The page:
You’ve heard it before—artificial intelligence (AI) at the edge is the coolest thing since sliced bread, and if you’re not taking advantage of it, you’re missing the boat. For better or worse, there is a lot of truth to those statements. The goal of AI, at least in an industrial environment, is to improve production capabilities, gain efficiencies, and reduce operating costs by pulling in real-time data from multiple points to produce actionable insights. That’s pointed out in a white paper from Avnet titled AI at the Edge: The next frontier of the Internet of Things.
In just about any application that requires real-time analytics, AI at the edge should be your “go-to.” Some industry insiders believe that AI at the edge will be omnipresent in the next wave of IoT connected solutions. The goal is to drive operational efficiency, and not just for the sake of data.
While bringing AI into your system can be a boon for production, it’s not an absolute. There are times when employing AI at the edge makes sense, but there are circumstances when better options are available. You need to identify whether your AI should reside in the cloud or at the edge, and only then can you take the proper steps for implementation.
Cloud Verses Edge
Conventional thinking is that when complex calculations are required, then AI in the cloud makes more sense, as that’s typically where the higher performing compute engine resides. The edge is more for a quick decision based on some simple machine-learning algorithm.
But times are changing. Edge-based computing can handle many of the AI-related tasks that previously required the compute power that was only found in the cloud. And processing at the edge offers an immediate two-fold advantage: you needn’t send your data to the cloud over an expensive medium, thereby reducing cost, and you remove the time lag associated with sending data off-site and then back for processing. While those latencies may seem minimal, real-time performance is sometimes required, and that’s simply not possible if you have to go to the cloud and back.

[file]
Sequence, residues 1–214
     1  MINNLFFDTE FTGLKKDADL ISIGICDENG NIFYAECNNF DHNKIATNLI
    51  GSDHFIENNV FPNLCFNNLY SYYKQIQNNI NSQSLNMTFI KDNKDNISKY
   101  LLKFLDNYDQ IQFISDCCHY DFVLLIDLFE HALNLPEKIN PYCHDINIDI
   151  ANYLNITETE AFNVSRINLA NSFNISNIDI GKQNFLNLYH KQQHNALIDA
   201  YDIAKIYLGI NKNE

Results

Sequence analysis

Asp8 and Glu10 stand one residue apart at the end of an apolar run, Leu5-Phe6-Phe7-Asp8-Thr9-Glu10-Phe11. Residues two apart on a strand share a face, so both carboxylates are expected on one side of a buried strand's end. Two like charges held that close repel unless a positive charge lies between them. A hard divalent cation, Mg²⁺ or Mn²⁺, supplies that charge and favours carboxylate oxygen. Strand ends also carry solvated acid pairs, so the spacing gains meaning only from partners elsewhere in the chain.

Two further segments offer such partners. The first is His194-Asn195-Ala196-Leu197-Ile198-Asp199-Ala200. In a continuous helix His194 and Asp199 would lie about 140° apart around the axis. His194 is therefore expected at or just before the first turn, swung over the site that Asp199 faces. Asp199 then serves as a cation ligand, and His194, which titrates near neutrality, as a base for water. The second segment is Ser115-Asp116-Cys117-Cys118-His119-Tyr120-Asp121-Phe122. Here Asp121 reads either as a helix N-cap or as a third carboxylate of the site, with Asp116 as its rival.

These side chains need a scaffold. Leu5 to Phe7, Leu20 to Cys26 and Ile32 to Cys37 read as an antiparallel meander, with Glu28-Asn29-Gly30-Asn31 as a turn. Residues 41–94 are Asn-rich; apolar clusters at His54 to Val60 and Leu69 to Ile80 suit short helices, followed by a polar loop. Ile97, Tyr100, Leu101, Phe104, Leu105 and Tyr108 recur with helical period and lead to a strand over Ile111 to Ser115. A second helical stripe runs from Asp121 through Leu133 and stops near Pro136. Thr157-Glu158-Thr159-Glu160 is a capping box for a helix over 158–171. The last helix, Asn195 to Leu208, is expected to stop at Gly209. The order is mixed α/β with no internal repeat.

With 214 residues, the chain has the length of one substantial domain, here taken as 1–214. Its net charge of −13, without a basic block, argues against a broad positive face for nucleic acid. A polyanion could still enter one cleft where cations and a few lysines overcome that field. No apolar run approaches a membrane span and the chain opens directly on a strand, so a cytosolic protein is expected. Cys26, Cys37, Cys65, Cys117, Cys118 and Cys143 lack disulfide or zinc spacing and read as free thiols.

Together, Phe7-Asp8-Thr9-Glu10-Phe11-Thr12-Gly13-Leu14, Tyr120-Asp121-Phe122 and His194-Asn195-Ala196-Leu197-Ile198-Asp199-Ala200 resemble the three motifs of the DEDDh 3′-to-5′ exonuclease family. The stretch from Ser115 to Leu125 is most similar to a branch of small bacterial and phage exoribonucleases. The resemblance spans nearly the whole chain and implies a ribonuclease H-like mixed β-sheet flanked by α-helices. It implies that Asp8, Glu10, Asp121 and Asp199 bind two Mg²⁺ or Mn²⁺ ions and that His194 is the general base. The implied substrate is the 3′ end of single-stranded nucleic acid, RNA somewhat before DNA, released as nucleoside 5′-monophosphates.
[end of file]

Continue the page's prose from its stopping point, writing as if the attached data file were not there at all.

Examples of applications that will benefit from AI-infused edge computing include medical devices, manufacturing systems, and vehicles. Medical devices have a particular need for at-the-edge intelligence, for example, in the operating room, where data needs to be processed in a timely manner to provide the specific information for doctors to act upon.
Another potential area where AI at the edge can be beneficial is machine vision, using a combination of cameras and visual analytics. For example, a camera can be positioned in a distribution facility to monitor and manage goods that are moving between trucks and pallets. With current technology, this interaction can occur in near real time.
From a hardware standpoint, today’s edge-based AI devices are increasingly capable of supporting the power and capacity requirements needed to run those AI algorithms. It even goes down to the edge sensors themselves that now integrate significant memory and processing capacities within tiny footprints. And an obvious benefit of edge-based AI is the greater security it brings, as data needn’t be passed over the internet.
The software component comes into play when you add the analytics component, which is key for edge-based AI. Members of groups like the OpenFog Consortium and the EdgeX Foundry offer tools that assist in edge-based analytics. A host of code for the EdgeX Foundry is available directly on GitHub.
OpenFog ecosystem partners include Microsoft, whose recent acquisition of Express Logic and its popular ThreadX RTOS. Microsoft believes that its new OS and middleware adds simplicity, safety, and security at the edge, while keeping the size of the code to a minimum, which suits smaller, battery-powered devices. Microsoft claims that it can now “seamlessly connect to Azure and enable new intelligent capabilities.”
The bottom line is that AI at the edge is likely in your future. And Avnet can be your one step for all your IoT needs when it comes to AI at the edge.